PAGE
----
• Lung transplantation: It is indicated for chronic airways disease, cystic fibrosis, and other potentially fatal lung diseases. Acute rejection is a leading cause of death in this transplantation. Current immunosuppressive regimen and best practice surgical operation give a 3-year survival of over 50%. Infection is a common cause of death.
  • Pancreatic transplantation: Graft survival correlates with HLA compatibility. Transplantation of isolated islets is more successful to reduce their immunogenicity.

Enhancing Healthcare Team Outcomes

An interprofessional team educates and manages the patient with acute rejection. Health care providers should advise the patient about treatment options and offer psychological support. Acute rejection is very common but if the diagnosis is made early, the graft can be preserved with treatment. However, constant monitoring is required to assess the function of the graft and to prevent further graft rejections.

Review Questions


Moes DJ, Press RR, Ackaert O, Ploeger BA, Bemelman FJ, Diack C, Wessels JA, van der Straaten T, Danhof M, Sanders JS, Homan van der Heide JJ, Guchelaar HJ, de Fijter JW. Exploring genetic and non-genetic risk factors for delayed graft function, acute and subclinical rejection in renal transplant recipients. Br J Clin Pharmacol. 2016 Jul;82(1):227-37. [PMC free article: PMC4917801] [PubMed: 27334415]
Kim JY, Kang BM, Lee JS, Park HJ, Wi HJ, Yoon JS, Ahn C, Shin S, Kim KH, Jung KC, Kwon O. UVB-induced depletion of donor-derived dendritic cells prevents allograft rejection of immune-privileged hair follicles in humanized mice. Am J Transplant. 2019 May;19(5):1344-1355. [PubMed: 30500995]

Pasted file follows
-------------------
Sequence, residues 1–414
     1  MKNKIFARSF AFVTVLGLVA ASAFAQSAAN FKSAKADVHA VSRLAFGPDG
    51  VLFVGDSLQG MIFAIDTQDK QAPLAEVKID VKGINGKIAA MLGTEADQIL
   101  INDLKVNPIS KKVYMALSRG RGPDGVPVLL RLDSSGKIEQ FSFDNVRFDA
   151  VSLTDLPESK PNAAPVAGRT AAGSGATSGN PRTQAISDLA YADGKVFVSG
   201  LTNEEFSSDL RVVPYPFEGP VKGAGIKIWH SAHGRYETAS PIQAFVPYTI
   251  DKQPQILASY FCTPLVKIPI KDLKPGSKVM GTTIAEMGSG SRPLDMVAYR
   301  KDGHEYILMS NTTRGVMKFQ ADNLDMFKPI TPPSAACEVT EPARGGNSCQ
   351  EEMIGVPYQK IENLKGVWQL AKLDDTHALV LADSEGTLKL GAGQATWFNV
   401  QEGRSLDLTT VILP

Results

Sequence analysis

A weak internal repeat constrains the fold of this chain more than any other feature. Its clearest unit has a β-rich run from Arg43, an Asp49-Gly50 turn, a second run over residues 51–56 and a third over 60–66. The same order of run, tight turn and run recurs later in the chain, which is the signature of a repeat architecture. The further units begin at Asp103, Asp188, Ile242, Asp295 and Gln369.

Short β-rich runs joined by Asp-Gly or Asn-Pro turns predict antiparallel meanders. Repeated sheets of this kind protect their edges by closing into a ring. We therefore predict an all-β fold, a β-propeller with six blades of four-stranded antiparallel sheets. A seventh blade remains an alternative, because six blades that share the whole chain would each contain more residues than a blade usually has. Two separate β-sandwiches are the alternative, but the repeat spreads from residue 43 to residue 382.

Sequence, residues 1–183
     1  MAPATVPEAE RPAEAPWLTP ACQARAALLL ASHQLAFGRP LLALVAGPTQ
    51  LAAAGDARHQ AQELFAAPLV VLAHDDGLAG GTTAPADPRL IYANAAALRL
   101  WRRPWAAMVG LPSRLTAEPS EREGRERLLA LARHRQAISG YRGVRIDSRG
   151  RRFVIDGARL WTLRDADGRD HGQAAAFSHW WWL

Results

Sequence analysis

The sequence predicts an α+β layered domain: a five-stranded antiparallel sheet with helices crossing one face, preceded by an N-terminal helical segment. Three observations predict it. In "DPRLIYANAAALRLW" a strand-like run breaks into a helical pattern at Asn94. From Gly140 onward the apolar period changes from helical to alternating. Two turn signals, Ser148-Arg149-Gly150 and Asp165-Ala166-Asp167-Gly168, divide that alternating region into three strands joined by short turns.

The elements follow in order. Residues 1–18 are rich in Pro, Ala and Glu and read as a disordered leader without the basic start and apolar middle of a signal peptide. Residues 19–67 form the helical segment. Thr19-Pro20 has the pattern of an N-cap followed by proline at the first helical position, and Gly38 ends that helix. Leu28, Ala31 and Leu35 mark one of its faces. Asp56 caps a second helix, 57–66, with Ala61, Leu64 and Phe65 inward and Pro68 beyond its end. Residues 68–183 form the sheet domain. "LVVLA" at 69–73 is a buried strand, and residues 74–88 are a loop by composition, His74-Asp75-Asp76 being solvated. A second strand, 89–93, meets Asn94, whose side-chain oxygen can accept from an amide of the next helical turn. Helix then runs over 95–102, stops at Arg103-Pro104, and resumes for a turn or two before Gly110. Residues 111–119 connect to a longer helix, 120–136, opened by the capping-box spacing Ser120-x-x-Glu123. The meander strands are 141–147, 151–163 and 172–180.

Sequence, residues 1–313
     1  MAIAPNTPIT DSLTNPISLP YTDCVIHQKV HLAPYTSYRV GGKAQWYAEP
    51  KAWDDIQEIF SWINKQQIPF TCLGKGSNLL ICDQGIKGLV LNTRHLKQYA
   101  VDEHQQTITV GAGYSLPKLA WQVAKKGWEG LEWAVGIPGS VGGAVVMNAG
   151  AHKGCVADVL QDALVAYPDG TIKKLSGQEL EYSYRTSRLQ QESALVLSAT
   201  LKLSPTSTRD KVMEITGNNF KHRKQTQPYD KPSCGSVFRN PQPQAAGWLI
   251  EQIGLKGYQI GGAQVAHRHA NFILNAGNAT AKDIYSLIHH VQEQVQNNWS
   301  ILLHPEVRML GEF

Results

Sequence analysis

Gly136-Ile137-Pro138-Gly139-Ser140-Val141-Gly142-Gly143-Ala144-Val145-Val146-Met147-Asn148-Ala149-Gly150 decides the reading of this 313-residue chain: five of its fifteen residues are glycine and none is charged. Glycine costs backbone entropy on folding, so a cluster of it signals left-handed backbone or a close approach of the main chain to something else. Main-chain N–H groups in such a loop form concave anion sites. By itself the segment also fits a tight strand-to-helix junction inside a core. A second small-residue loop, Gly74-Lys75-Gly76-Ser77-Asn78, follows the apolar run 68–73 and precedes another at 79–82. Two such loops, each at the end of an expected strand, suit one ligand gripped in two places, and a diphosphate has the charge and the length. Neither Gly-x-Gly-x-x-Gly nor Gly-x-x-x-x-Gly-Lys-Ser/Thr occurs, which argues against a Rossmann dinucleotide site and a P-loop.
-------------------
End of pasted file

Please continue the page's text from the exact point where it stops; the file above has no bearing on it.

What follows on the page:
Huang H, Lu Y, Zhou T, Gu G, Xia Q. Innate Immune Cells in Immune Tolerance After Liver Transplantation. Front Immunol. 2018;9:2401. [PMC free article: PMC6237933] [PubMed: 30473690]
Saczkowski R, Dacey C, Bernier PL. Does ABO-incompatible and ABO-compatible neonatal heart transplant have equivalent survival? Interact Cardiovasc Thorac Surg. 2010 Jun;10(6):1026-33. [PubMed: 20308266]
Černý V, Hrdý J, Novotná O, Petrásková P, Boráková K, Kolářová L, Prokešová L. Distinct characteristics of Tregs of newborns of healthy and allergic mothers. PLoS One. 2018;13(11):e0207998. [PMC free article: PMC6258229] [PubMed: 30475891]
Yamada Y, Brüstle K, Jungraithmayr W. T Helper Cell Subsets in Experimental Lung Allograft Rejection. J Surg Res. 2019 Jan;233:74-81. [PubMed: 30502290]
Winkelmann M, Grabensee B, Pfitzer P. Differential diagnosis of acute allograft rejection and CMV-infection in renal transplantation by urinary cytology. Pathol Res Pract. 1985 Aug;180(2):161-8. [PubMed: 2997762]
Alquadan KF, Womer KL, Santos AH, Zeng X, Koratala A. Not all inflammation in a renal allograft is rejection. Clin Case Rep. 2018 Nov;6(11):2285-2286. [PMC free article: PMC6230630] [PubMed: 30455940]
Budde K, Schütz M, Glander P, Peters H, Waiser J, Liefeldt L, Neumayer HH, Böhler T. FTY720 (fingolimod) in renal transplantation. Clin Transplant. 2006;20 Suppl 17:17-24. [PubMed: 17100697]
Dobbels F, Hames A, Aujoulat I, Heaton N, Samyn M. Should we retransplant a patient who is non-adherent? A literature review and critical reflection. Pediatr Transplant. 2012 Feb;16(1):4-11. [PubMed: 22248250]

Disclosure: Angel Justiz Vaillant declares no relevant financial relationships with ineligible companies.

Disclosure: Subhasis Misra declares no relevant financial relationships with ineligible companies.

Disclosure: Brian Fitzgerald declares no relevant financial relationships with ineligible companies.

Copyright © 2024, StatPearls Publishing LLC.

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Bookshelf ID: NBK535410PMID: 30571031